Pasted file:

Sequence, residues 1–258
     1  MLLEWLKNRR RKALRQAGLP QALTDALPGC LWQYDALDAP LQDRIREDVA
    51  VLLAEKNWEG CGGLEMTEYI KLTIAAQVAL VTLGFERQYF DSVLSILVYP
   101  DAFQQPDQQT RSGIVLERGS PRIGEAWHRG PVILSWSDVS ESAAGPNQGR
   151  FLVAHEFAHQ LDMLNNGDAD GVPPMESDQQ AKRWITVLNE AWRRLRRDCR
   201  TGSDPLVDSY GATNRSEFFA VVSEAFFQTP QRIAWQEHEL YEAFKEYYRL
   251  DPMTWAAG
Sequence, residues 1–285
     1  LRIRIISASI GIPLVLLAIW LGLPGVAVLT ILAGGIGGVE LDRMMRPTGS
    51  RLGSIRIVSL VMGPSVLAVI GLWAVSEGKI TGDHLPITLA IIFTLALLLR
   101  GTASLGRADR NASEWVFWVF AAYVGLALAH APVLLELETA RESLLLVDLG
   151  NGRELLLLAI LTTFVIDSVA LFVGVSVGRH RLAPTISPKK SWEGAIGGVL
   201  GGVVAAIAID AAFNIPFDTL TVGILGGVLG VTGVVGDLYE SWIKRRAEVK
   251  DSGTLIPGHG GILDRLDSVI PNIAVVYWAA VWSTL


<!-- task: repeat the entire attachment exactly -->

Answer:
Sequence, residues 1–258
     1  MLLEWLKNRR RKALRQAGLP QALTDALPGC LWQYDALDAP LQDRIREDVA
    51  VLLAEKNWEG CGGLEMTEYI KLTIAAQVAL VTLGFERQYF DSVLSILVYP
   101  DAFQQPDQQT RSGIVLERGS PRIGEAWHRG PVILSWSDVS ESAAGPNQGR
   151  FLVAHEFAHQ LDMLNNGDAD GVPPMESDQQ AKRWITVLNE AWRRLRRDCR
   201  TGSDPLVDSY GATNRSEFFA VVSEAFFQTP QRIAWQEHEL YEAFKEYYRL
   251  DPMTWAAG
Sequence, residues 1–285
     1  LRIRIISASI GIPLVLLAIW LGLPGVAVLT ILAGGIGGVE LDRMMRPTGS
    51  RLGSIRIVSL VMGPSVLAVI GLWAVSEGKI TGDHLPITLA IIFTLALLLR
   101  GTASLGRADR NASEWVFWVF AAYVGLALAH APVLLELETA RESLLLVDLG
   151  NGRELLLLAI LTTFVIDSVA LFVGVSVGRH RLAPTISPKK SWEGAIGGVL
   201  GGVVAAIAID AAFNIPFDTL TVGILGGVLG VTGVVGDLYE SWIKRRAEVK
   251  DSGTLIPGHG GILDRLDSVI PNIAVVYWAA VWSTL